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Blue Fox

I still don't understand WB!

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This may sound like a really stupid question, but I keep struggling with it.

I thought white balance was easy. The various tutorials just say you should adjust the Kelvin value and if necessary the quadrant (color square) and show a few images with wrong wbs and some other obvious information (about sunsets, ...). All nice in theory, but I can't get my wb right!

 

I have two problems; the first is rather a question, the second is about the best method to set the wb accurately on camera so that the images will look great when shown on a screen.

Let me illustrate my first problem with a small example. I use a Sony a6000 and, very conveniently, it has an EVF.

During noon I go outdoor, I look trough the EVF and set my wb to 5900K and some quadrant settings so that the colors in the EVF and outside match. During the night, indoors, I take my camera again, still set to 5900K but the picture in the EVF doesn't match what I'm seeing anymore. To get the colors matching again I have to set the temperature to something around 3500K.

This looks weird to me! Of course, the wb of my eyes changes (it even sometimes differs, around 50-200K I think, between my left and right eye, especially after having been looking trough the EVF for a while), and the scene lighting (sun, LED bulbs, ...) also changes.

But the camera's sensor is RGB, the EVF is RGB, so shouldn't the EVF just 'reproduce' the scene, irrespective of the change in lighting and the WB of my eyes?

Could this 'issue' be to the fact that the whole range of light frequencies is squeezed into RGB, and that the frequencies (color wavelengths) of the sensor's RGB, viewfinder's RGB and my eye's RGB don't match? In this case, I shouldn't trust the EVF for setting the wb?

 

So how should I set my white balance? At home, looking at my stills and video, I find that the auto white balance or presets do a rather good job but in general they are around 200K off (which I think is too much) and that my own 'color matching' (trough the EVF) gives results that sometimes are spot-on (with fantastic skin colors!), sometimes close but also a lot up to 400K off (giving a serious, often warm, color cast). For stills I can shoot RAW, but for video I really have to get the wb right (?). With the 8-bit 50mbps codec and Sony's fantastic color science, I don't like correcting the wb in post. It gives unnatural results.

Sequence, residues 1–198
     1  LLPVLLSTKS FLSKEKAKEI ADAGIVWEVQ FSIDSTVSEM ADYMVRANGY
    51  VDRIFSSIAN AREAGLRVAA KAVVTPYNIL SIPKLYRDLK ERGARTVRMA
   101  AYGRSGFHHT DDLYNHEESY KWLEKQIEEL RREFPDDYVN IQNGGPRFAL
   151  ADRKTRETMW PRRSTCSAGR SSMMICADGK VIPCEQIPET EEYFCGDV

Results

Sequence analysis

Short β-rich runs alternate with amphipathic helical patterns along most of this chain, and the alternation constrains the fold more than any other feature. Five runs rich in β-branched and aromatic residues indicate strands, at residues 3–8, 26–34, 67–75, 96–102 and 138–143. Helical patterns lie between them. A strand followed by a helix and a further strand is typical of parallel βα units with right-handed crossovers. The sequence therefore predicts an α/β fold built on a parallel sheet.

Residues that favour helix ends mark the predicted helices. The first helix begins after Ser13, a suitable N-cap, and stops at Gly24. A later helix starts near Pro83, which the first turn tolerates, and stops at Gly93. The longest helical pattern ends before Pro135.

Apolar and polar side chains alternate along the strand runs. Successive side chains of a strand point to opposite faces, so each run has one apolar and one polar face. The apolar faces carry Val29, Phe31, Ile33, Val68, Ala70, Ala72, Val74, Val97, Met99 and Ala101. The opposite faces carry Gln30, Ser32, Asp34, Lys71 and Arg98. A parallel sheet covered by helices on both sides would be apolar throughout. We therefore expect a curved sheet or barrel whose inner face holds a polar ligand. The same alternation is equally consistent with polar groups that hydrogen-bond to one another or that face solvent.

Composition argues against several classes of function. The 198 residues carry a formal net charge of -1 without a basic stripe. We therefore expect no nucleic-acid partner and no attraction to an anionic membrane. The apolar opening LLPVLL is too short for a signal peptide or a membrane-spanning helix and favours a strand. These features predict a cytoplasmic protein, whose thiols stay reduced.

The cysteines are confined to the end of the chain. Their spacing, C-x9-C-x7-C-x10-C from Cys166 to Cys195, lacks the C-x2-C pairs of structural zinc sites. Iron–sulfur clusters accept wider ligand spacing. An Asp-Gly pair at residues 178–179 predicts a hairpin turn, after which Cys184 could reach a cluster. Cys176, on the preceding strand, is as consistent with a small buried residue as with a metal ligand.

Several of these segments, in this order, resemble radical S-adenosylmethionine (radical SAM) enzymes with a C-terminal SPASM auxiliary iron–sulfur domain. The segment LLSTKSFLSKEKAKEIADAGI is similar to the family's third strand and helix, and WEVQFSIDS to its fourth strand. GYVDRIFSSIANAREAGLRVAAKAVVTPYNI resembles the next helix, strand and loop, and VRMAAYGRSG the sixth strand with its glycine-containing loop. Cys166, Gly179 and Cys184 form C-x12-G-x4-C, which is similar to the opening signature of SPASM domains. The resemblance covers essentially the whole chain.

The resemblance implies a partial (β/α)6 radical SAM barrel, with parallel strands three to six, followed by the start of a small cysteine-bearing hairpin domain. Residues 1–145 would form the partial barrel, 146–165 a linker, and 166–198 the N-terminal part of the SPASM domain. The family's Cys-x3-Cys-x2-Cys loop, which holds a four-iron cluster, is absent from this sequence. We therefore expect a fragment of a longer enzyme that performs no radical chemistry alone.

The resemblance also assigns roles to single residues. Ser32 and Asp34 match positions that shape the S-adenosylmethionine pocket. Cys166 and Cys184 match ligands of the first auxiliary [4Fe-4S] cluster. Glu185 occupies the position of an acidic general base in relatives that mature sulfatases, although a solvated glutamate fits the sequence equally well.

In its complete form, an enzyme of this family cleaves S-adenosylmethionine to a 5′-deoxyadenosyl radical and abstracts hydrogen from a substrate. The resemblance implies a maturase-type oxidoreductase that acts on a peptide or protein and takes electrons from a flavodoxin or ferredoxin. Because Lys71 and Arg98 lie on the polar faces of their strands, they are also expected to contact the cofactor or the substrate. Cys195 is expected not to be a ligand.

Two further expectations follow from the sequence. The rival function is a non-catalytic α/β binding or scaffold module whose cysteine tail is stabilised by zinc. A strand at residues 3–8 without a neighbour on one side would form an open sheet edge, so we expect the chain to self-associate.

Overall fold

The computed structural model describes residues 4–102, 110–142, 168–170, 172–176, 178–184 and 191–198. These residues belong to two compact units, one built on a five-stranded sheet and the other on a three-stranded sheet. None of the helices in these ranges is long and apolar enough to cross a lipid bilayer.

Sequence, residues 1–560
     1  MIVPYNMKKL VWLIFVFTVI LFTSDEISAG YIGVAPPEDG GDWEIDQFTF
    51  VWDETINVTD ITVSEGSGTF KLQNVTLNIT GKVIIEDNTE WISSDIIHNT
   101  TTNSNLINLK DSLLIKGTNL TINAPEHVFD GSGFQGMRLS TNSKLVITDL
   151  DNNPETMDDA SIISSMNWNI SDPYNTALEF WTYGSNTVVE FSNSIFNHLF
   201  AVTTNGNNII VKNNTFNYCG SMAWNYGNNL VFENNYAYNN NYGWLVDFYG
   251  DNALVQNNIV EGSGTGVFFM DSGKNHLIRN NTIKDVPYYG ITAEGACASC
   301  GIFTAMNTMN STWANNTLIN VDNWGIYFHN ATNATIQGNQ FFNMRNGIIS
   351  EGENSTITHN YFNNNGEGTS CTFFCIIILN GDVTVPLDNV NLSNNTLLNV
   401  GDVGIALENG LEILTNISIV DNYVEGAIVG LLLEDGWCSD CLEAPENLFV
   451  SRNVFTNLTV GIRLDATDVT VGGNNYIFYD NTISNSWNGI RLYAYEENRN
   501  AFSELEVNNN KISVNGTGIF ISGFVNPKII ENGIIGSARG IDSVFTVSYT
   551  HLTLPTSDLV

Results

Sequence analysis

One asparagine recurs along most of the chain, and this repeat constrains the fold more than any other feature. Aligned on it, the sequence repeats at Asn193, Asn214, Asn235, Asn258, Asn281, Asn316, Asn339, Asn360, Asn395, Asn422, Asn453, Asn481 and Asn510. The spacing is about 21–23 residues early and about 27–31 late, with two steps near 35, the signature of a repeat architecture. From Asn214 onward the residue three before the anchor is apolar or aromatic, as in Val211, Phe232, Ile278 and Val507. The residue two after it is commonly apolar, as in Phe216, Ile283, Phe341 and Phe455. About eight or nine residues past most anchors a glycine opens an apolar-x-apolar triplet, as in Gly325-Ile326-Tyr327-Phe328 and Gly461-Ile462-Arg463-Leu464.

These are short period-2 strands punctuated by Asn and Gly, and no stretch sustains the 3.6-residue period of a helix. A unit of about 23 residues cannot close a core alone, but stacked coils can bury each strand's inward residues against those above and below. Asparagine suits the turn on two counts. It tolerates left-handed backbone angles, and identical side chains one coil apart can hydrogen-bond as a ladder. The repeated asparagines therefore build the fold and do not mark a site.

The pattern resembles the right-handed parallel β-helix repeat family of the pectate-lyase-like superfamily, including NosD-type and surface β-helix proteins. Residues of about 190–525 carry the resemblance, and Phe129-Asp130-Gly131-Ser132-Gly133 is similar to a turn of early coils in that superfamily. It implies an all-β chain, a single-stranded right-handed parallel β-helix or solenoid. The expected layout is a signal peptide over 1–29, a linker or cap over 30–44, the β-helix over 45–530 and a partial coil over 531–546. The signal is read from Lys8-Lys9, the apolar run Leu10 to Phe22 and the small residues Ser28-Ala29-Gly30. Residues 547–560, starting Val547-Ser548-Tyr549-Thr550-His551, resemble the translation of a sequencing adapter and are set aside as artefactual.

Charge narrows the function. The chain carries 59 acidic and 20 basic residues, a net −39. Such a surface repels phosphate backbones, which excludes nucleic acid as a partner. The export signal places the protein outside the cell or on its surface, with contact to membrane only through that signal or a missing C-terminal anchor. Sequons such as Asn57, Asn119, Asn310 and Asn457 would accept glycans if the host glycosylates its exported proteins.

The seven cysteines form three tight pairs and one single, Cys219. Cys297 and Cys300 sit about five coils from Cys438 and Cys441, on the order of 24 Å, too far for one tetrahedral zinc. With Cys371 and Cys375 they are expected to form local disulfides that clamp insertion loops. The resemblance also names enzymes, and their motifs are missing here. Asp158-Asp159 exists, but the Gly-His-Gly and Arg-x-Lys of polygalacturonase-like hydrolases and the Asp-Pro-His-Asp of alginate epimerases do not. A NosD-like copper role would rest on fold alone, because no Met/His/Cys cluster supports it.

As I understand, when developing a RAW file to see the result on a screen, we should compensate for the differences in light temperature between the temperature of the screen (which should be a fixed value if the screen has been calibrated?), the wb of the viewer's eye when seeing the scene (probably most influenced by the scene lighting) and the wb of the viewers eye when viewing the image, which (I suppose) depends on the lights in the viewing room (with in dim lighting the display probably being the reference source for our eyes).

The simple rule of working with a white object also doesn't seem to work for me. Looking at them with my own eyes, they look too cold or way too warm in a lot of circumstances (especially with artificial lighting, sunsets, …). Thus the use of these white objects hasn't much sense (in those circumstances)?

I haven't yet used a real grey card, does this give way different results than a piece of quality paper?

 

Some practical (and technical) explanation would be very, very helpful, because I feel completely lost.

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"During noon I go outdoor, I look trough the EVF and set my wb to 5900K and some quadrant settings so that the colors in the EVF and outside match. During the night, indoors, I take my camera again, still set to 5900K but the picture in the EVF doesn't match what I'm seeing anymore. To get the colors matching again I have to set the temperature to something around 3500K."